The MBE system at the CU-CRNN is a dual chamber one, with one chamber dedicated to the deposition of Si-Ge system, while the other for III-Nitride materials. For Chamber 1, the sources for Si, Ge, Sb, and B are present, along with an advanced filament source that is configurable for deposition of thin silicon films with any doping level. This chamber will be used for the deposition of advanced C-MOS structures, SiGe based photodetectors, HBTs, etc.

The Chamber 2 houses sources for Gallium, Aluminum, Indium, Nitrogen, Ammonia, Silicon and Magnesium. This will be employed for the growth of III-Nitride materials, which are used in development of light emitting diodes, lasers and high power high speed electronic discrete devices. The ultimate goal of the research is the integration of the two class of devices, optoelectronic and Silicon MOS, on to the same wafer.


Chamber Sources
Si-Ge Germanium
Si-Ge Boron
Si-Ge Antimony
Si-Ge Slicon e-beam
Si-Ge Silicon SUSI source
III-Nitrides Gallium
III-Nitrides Aluminum 1
III-Nitrides Aluminum 2
III-Nitrides Indium
III-Nitrides Silicon (dopant)
III-Nitrides Magnesium
III-Nitrides RF Nitrogen Plasma
III-Nitrides Ammonia Injector


High Pressure Homogenizer (HPH)


It is an electric bench-top laboratory High Pressure Homogenizer (HPH) which can be used to deliver in providing small, uniform and evenly distributed particles or in cell disruption. Sample size is as small as 20 ml (12 ml with option). Pressure can be as high as 45,000 PSI to match industrial specification. Its application range includes:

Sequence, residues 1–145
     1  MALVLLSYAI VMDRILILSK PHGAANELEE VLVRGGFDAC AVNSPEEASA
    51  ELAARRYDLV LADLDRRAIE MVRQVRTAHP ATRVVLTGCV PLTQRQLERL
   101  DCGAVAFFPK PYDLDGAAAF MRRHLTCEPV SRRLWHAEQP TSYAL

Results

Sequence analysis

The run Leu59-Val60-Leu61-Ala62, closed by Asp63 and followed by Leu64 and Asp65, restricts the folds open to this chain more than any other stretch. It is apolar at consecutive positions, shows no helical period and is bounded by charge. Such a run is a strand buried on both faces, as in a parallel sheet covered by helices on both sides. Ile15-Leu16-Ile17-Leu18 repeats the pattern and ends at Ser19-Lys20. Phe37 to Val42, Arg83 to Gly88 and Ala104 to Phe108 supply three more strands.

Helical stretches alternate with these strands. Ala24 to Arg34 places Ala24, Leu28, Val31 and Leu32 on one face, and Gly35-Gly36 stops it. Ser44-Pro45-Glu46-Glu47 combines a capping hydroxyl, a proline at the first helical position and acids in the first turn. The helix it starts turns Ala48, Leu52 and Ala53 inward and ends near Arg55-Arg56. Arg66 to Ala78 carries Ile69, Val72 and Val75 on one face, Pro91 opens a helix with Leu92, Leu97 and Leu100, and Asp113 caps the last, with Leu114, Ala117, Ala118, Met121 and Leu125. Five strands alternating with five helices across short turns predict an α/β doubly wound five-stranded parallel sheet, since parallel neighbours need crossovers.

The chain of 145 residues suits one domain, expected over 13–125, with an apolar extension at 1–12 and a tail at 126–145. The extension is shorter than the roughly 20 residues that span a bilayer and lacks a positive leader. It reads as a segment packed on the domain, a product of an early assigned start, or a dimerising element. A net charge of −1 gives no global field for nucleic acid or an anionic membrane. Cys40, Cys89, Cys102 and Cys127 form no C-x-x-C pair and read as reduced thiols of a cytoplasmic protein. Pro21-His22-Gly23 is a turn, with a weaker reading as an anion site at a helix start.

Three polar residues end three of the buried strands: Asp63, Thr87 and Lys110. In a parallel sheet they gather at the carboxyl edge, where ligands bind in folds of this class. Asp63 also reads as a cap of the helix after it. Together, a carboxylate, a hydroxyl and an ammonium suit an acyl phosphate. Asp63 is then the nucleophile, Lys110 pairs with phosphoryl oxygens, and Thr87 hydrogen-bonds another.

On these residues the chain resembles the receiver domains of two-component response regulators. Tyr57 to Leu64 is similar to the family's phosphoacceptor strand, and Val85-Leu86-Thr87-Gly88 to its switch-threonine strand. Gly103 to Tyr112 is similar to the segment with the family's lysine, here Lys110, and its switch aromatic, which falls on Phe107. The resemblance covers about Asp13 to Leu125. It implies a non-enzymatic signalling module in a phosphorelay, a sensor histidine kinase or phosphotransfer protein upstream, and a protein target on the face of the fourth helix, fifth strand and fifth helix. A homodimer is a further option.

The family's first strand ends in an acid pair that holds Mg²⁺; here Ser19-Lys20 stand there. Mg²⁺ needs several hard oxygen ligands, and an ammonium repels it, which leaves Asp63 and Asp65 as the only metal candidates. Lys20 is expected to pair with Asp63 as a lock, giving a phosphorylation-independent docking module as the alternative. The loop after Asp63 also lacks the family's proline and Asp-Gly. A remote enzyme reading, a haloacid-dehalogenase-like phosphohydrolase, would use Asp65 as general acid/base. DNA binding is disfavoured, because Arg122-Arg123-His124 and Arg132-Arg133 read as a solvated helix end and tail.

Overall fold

• Preparation of emulsions and dispersions;

• Cell Rupturing;

• Deagglomerations In broader sense the instrument can -

• help in producing nano-particles such as sunscreens, targeted and controlled release drug delivery systems, transparent coatings, contrast agents, ink, etc. - utilize nano-particles in a liquid vehicle. Its dual feed and dual Jet options allow for particle size reduction of powders and hard materials.

• help in producing emulsions which are stable mixtures of oil and water, with one of them dispersed into the other in the form of fine droplets. There are "oil-in-water" emulsions, such as salad dressing and skin care creams, and "water-in-oil" emulsions, such as margarine and nutraceuticals.

• help in producing suspensions. Many applications, such as injectible medications and fuel cells require suspensions of nanoparticles in an aqueous medium.

• help in cell rupture or disruption, where the cell envelope is physically broken, releasing all intercellular components into the surrounding medium.     More...